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Several thousand nodes Nodes are tens of feet of each other Densities as high as 20 nodes/m3. Sink. Internet, Satellite, etc. Sink. Task Manager. SENSOR NETWORKS ARCHITECTURE. I.F.Akyildiz, W.Su, Y. Sankarasubramaniam, E. Cayirci,

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sensor networks architecture
Several thousand nodes

Nodes are tens of feet of each other

Densities as high as 20 nodes/m3

Sink

Internet, Satellite, etc

Sink

Task

Manager

SENSOR NETWORKS ARCHITECTURE
  • I.F.Akyildiz, W.Su, Y. Sankarasubramaniam, E. Cayirci,

“Wireless Sensor Networks: A Survey”,Computer Networks (Elsevier) Journal, March 2002.

slide3

Location Finding System

Mobilizer

Transceiver

Sensor ADC

Processor

Memory

Power Generator

Power Unit

SENSOR NODE HARDWARE

Small

Low power

Low bit rate

High density

Low cost (dispensable)

Autonomous

Adaptive

SENSING UNIT

PROCESSING UNIT

mica motes bwn lab @ gatech
MICA MotesBWN Lab @ GaTech

Processor and Radio platform (MPR300CB) is based on Atmel ATmega 128L low power Microcontroller that runs TinyOs operating system from its internal flash memory.

slide5

UC Berkeley:

Smart Dust

UCLA: WINS

UC Berkeley: COTS Dust

JPL: Sensor Webs

Rockwell: WINS

Examples for Sensor Nodes

slide6

Rene Mote

Dot Mote

Mica node

weC Mote

Examples for Sensor Nodes

sensor networks features
SENSOR NETWORKS FEATURES
  • APPLICATIONS:

Military, Environmental, Health, Home, Space Exploration,

Chemical Processing, Disaster Relief….

  • SENSOR TYPES:

Seismic, Low Sampling Rate Magnetic, Thermal, Visual, Infrared,

Acoustic, Radar…

  • SENSOR TASKS:

Temperature, Humidity, Vehicular, Movement, Lightning Condition,

Pressure, Soil Makeup, Noise Levels, Presence or Absence of Certain

Types of Objects, Mechanical Stress Levels on Attached Objects,

Current Characteristics (Speed, Direction, Size) of an Object ….

factors influencing sensor network design
Factors Influencing Sensor Network Design

A. Fault Tolerance (Reliability)

B. Scalability

C. Production Costs

D. Hardware Constraints

E. Sensor Network Topology

F. Operating Environment

G. Transmission Media

H. Power Consumption

sensor networks communication architecture

Application Layer

Transport Layer

Task Management Plane

Mobility Management Plane

Network Layer

Power Management Plane

Data Link Layer

Physical Layer

Sensor Networks Communication Architecture

Used by sink and all sensor nodes

Combines power and routing awareness

Integrates data with networking protocols

Communicates power efficiently through

wireless medium and

Promotes cooperative efforts.

why can t ad hoc network protocols be used here
WHY CAN’T AD-HOC NETWORK PROTOCOLS BE USED HERE?
  • Number of sensor nodes can be several orders of magnitude higher
  • Sensor nodes are densely deployed and are prone to failures
  • The topology of a sensor network changes very frequently due to node mobility and node failure
  • Sensor nodes are limited in power, computational capacities, and memory
  • May not have global ID like IP address.
  • Need tight integration with sensing tasks.
slide11

APPLICATON LAYER

SMP: Sensor Managament Protocol

System Administrators interact with Sensors using SMP.

TASKS:

  • Moving the sensor nodes
  • Turning sensors on and off
  • Querying the sensor network configuration and the status of

nodes and re-configuring the sensor network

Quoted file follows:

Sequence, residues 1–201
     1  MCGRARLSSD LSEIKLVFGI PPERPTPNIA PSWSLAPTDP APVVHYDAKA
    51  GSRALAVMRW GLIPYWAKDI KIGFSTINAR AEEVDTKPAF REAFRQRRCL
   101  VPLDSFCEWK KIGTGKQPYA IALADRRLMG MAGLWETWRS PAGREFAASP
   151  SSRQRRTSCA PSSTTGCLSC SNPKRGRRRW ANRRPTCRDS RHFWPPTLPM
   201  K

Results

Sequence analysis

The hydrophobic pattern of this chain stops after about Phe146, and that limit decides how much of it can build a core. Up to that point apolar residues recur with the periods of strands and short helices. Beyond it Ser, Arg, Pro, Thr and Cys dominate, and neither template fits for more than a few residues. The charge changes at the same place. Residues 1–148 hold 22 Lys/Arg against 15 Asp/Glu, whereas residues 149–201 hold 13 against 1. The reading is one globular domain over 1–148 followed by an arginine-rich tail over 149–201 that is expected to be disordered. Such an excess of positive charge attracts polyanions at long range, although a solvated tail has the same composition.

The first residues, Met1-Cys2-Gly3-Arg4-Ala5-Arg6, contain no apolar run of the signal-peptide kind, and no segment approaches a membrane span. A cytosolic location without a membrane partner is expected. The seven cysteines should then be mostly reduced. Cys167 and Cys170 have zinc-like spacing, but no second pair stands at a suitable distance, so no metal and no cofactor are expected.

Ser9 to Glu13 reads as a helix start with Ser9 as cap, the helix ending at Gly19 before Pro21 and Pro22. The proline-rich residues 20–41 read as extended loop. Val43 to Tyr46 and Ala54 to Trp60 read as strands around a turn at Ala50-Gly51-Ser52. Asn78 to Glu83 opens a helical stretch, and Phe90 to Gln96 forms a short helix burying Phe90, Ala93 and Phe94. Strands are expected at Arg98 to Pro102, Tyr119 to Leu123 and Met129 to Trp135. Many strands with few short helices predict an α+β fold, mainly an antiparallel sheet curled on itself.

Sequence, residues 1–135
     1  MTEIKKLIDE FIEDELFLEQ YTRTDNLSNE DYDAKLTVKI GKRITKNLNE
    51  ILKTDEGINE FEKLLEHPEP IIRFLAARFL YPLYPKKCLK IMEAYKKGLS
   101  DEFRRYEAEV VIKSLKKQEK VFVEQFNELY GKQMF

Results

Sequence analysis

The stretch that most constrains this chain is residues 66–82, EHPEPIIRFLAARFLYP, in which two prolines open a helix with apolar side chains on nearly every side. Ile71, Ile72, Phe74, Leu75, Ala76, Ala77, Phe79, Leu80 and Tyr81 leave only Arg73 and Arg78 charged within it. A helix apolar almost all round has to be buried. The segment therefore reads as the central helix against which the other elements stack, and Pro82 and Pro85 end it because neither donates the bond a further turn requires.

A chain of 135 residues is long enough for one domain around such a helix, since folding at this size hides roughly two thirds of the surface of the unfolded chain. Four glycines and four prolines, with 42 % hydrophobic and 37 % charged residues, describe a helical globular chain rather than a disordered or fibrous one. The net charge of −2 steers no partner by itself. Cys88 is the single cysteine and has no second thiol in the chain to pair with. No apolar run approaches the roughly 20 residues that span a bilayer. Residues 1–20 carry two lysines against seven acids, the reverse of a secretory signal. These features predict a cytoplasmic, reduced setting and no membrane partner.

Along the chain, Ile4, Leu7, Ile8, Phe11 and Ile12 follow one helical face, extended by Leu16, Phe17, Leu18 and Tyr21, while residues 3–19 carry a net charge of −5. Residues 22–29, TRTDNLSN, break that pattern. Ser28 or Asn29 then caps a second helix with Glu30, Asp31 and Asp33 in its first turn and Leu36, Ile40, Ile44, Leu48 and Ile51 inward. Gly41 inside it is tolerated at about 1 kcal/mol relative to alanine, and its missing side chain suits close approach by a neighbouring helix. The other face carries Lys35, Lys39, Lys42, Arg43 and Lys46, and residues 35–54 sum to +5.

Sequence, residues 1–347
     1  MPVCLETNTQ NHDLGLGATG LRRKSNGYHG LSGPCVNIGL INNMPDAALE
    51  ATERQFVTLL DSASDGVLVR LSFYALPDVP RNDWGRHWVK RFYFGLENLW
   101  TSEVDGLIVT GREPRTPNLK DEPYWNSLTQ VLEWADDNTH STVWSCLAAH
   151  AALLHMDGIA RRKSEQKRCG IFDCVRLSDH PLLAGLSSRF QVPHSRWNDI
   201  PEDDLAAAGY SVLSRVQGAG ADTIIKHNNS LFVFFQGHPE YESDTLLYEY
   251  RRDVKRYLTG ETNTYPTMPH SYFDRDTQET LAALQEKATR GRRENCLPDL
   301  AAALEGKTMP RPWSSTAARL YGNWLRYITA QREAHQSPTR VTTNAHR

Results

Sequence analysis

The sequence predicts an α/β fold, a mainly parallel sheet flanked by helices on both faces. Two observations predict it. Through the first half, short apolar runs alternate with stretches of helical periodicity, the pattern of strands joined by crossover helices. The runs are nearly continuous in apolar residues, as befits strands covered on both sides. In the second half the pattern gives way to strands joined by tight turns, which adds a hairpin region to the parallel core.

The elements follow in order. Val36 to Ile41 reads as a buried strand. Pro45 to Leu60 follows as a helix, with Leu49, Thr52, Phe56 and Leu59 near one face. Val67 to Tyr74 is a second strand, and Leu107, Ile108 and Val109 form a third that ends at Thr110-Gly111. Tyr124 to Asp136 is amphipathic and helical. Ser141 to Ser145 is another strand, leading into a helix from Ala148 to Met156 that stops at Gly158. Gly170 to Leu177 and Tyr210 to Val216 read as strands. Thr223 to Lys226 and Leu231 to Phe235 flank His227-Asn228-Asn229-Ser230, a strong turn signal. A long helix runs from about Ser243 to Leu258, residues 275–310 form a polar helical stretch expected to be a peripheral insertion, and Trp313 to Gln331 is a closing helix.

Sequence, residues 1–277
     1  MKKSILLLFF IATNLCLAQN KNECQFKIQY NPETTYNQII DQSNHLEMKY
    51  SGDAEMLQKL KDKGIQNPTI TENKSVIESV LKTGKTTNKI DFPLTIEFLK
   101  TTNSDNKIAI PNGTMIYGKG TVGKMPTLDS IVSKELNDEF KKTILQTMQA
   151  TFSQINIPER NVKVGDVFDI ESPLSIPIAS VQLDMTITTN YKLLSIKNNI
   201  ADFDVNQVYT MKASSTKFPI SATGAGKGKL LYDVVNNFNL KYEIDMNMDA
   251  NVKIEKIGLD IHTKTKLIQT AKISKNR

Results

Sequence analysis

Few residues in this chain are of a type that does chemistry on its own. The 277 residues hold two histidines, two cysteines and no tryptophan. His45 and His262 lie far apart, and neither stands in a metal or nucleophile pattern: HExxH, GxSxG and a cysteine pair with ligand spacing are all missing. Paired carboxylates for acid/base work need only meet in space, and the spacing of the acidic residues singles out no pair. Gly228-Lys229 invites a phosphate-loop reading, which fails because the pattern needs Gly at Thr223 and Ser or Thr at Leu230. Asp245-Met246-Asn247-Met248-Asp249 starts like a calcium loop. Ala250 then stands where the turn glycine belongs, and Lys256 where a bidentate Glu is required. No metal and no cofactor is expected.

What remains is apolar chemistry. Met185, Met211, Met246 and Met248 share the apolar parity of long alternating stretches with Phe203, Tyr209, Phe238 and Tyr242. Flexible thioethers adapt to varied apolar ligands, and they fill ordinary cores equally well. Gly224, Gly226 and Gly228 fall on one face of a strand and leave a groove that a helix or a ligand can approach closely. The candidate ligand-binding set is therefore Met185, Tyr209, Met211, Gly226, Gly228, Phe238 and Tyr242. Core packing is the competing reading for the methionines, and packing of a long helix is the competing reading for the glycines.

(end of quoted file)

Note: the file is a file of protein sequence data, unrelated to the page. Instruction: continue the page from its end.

• Authentication, key distribution and security in data

communication

  • Time-synchronization of the sensor nodes
  • Exchanging data related to the location finding algorithms
  • Introducing the rules related to data aggregation,

attribute-based naming and clustering to the sensor nodes

slide12

APPLICATON LAYER

(Query Processing)

Users can request data from the network-> Efficient Query Processing

User Query Types:

1. HISTORICAL QUERIES:

Used for analysis of historical data stored in a storage area (PC),

e.g., what was the temperature 2 hours back in the NW quadrant.

2. ONE TIME QUERIES:

Gives a snapshot of the network, e.g., what is the current temperature in the NW quadrant.

3. PERSISTANT QUERIES:

Used to monitor the network over a time interval with respect to some parameters, e.g., report the temperature for the next 2 hours.

slide13

APPLICATON LAYER

Sensor Query and Tasking Language (SQTL):

(C-C Shen, et.al., “Sensor Information Networking Architecture and Applications”, IEEE Personal Communications Magazine, pp. 52-59, August 2001.)

  • SQTL is a procedural scripting language.
  • It provides interfaces to access sensor hardware:

- getTemperature, turnOn

for location awareness:

- isNeighbor, getPosition

and for communication:

- tell, execute.

slide14

APPLICATON LAYER

Sensor Query and Tasking Language (SQTL):

  • By using the upon command, a programmer can create an event handling block for three types of events:

- Events generated when a message is received by a sensor node,

- Events triggered periodically,

- Events caused by the expiration of a timer.

  • These types of events are defined by SQTL keywordsreceive, every and expire, respectively.
slide15

Simple Abtract Querying Example

Select [ task, time, location, [distinct | all], amplitude,

[[avg | min |max | count | sum ] (amplitude)]]

from [any , every , aggregate m]

where [ power available [<|>] PA |

location [in | not in] RECT |

tmin < time < tmax |

task = t |

amplitude [<|==|>] a ]

group by task

based on [time limit = lt | packet limit = lp |

resolution = r | region = xy]

data centric query
Data Centric Query
  • Attribute-based naming architecture
  • Data centric protocol
  • Observer sends a query and gets the response from valid sensor node
  • No global ID
slide17

APPLICATON LAYER

Task Assignment and Data Advertisement Protocol